Profile of K.C. Jones
News & Commentary Posts: 1962
Articles by K.C. Jones
posted in April 2006
A French law that would require Apple Computer and other companies to open their music offerings to other companies' devices is scheduled for parliamentary debate next week.
The program begins in June. Apple says it already recycles over 90% of the electronic equipment it has collected since 2001.
The creation of Korean researchers, the robots respond to commands like "come here" and "sit." They also perform tricks if instructed.
A congressional committee drew rapid fire Wednesday after killing an amendment to preserve network neutrality.
As employees apply for buyouts, plants suspend operations, and managers institute a plan to recover from poor performance, GM has started a blog to give employees a chance to vent.
A House of Representatives task force is holding a hearing Tuesday on whether the Internet should operate like a utility, with equal service, or whether providers should be able to provide tiered access and pricing.
Journalists, free-speech advocates, and business executives are waiting for a three-judge panel to decide on a case that weighs First Amendment and privacy rights against business' efforts to keep proprietary information
On-demand content is the most important factor for driving the consumer segment, a new Insight study says.
The group will look for new opportunities in digital media, like the interactive applications the company featured on digital satellite and cable during the 2006 Olympic Games.
California, Texas, and New York have the highest number of IT workers, according to a new report.
The rapid pace of mobile phone installation and the development of wireless networks are together driving robust growth in the use of phones for browsing.
People are turning to mobile phones for Internet use more quickly than they're adopting laptops for the same purpose in many parts of the world.
E-passports are coming soon to a border crossing near you.
The Pulitzer Board accepts online databases and graphics for the public service award, but online submissions in other categories are limited to written stories and still images.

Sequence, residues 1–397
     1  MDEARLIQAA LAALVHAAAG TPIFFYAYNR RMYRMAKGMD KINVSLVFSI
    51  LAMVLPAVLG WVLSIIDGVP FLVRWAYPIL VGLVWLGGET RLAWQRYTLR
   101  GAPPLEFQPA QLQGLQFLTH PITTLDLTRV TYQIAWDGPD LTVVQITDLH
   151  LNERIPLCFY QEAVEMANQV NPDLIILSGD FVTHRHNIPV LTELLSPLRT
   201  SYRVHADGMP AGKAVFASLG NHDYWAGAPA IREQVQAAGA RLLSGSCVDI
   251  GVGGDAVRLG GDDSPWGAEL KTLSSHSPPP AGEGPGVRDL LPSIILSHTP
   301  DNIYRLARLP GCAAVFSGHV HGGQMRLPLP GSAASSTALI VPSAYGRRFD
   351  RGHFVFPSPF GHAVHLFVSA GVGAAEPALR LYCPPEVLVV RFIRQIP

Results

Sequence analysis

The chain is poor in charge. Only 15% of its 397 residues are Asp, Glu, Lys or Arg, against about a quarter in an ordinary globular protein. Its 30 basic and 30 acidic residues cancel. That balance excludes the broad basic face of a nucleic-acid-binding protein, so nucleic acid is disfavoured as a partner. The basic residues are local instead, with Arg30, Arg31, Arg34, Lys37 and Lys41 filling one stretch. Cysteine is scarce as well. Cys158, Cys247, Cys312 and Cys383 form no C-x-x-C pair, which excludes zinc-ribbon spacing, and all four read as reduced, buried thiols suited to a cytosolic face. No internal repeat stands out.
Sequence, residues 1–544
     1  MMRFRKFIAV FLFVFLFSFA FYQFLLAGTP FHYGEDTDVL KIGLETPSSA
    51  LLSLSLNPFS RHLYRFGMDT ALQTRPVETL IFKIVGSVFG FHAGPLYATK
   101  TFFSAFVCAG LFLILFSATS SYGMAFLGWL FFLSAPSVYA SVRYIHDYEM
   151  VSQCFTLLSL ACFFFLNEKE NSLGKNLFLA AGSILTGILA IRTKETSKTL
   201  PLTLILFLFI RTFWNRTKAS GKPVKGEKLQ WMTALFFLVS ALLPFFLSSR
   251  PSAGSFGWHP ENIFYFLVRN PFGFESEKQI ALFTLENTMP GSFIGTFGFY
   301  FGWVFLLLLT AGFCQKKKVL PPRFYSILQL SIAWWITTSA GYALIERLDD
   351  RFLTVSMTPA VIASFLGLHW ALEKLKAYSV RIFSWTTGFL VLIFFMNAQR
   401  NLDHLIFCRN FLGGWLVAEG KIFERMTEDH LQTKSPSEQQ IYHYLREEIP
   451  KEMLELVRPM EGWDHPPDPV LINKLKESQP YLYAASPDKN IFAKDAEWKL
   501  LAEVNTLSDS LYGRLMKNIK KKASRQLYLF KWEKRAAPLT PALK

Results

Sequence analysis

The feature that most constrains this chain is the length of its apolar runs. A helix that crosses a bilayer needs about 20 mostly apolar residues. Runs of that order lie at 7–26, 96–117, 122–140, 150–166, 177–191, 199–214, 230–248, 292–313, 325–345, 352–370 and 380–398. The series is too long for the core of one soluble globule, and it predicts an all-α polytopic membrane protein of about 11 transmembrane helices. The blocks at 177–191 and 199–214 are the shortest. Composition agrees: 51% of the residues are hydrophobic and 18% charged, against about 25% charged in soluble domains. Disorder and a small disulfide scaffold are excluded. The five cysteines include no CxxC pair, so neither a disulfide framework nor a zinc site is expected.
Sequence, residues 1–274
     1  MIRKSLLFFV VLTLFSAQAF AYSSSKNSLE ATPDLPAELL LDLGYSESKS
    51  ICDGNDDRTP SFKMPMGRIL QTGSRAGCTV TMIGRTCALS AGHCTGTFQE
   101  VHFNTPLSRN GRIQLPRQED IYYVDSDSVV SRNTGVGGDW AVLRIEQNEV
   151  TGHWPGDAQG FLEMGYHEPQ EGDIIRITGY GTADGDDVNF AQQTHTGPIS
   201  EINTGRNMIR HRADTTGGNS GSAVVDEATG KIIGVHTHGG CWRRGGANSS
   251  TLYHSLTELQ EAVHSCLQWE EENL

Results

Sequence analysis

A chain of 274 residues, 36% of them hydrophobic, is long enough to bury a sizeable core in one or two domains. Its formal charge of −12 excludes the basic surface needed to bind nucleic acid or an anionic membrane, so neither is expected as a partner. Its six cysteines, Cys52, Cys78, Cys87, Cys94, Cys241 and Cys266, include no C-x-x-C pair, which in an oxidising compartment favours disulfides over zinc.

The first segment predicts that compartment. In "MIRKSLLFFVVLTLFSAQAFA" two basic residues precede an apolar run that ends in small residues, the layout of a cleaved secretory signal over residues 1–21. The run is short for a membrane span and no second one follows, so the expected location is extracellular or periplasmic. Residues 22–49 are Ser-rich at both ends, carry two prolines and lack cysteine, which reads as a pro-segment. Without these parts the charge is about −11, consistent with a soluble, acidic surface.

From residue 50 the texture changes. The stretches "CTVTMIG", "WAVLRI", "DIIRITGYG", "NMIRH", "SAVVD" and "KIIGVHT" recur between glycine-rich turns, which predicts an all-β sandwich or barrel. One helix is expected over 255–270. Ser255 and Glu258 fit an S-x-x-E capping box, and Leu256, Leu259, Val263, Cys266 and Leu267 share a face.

CA Chief Operating Officer Jeff Clarke is going to Cendant, and Michael J. Christenson will replace him.
People with expertise in journalism, health services, and medicine review stories, grade them, and explain why they met or fell short of criteria measuring accuracy, balance, and completeness.
Now that major networks are airing content over the Internet and other devices, artists are requesting 4 cents per download.
A new Chinese law mandates all computers sold in China must have paid and preinstalled operating systems. In related news, Chinese President Hu Jintao visits Microsoft this week.
The relief organization is upgrading its infrastructure to help speed supplies and other types of aid to victims of future disasters.
A new arm of the United Nations will attempt to harness technology advances to help eradicate poverty, illness, and other societal woes.
Gary McKinnon, a Briton charged with breaking into U.S. military computers, says he fears being held in the facility used for terrorists if he's extradited to this country.
In special math and science classes, students will use Java concepts and learn about object-oriented programming by designing Pong, the classic video game.
Several technology companies are creating an interoperability specification to allow customers to federate and access information from their complex, multivendor IT infrastructures.
Viewers desperate for the latest gossip from Wisteria Lane can now catch up for free on the Internet.
A European band has announced it will be the first to release a single exclusively through mobile phones in the United Kingdom.
Don’tDateHimGirl.com is scheduled to launch a podcast and online discussion forum.
Prisoners in China are reducing their sentences by inventing new technologies.
As the case with the Beatles' record company began its closing stages this week, Apple Computer announced it will sell both music and concert tickets for the Red Hot Chili Peppers.
Opponents of an IRS plan to allow tax preparers to sell, with consent, personal information to anyone who wants it say paid preparers need to focus on advising, not selling.
Information resellers often fail to follow privacy protection guidelines when dealing with the federal government, according to the GAO.
Insufficient staffing and a lack of electronic connectivity are hampering the TSA, says a report released by the GAO.
Along with filing over 2,000 lawsuits, a music industry group has warned parents to watch over their children's online activities because they could face penalties.
The Securities and Exchange Commission has failed to control access to its servers, establish controls over passwords, manage access to its systems and data, and take other security-related steps already requested, the report says.
The suit, which accuses Direct Revenue of secretly installing millions of pop-up ad programs and spyware, is seeking a stop order, an accounting of the company's revenues, and penalties.
Criticism is mounting over the Internal Revenue Service's plans to allow tax preparers to sell personal data to third parties.
The music firm claims the computer company agreed 15 years ago to stay out of the music business, while the computer company claims iTunes sells digital files and therefore doesn't infringe on an agreement it characterizes as "narrow."
Web pages are automatically adapted for Web-enabled wireless customers' screens.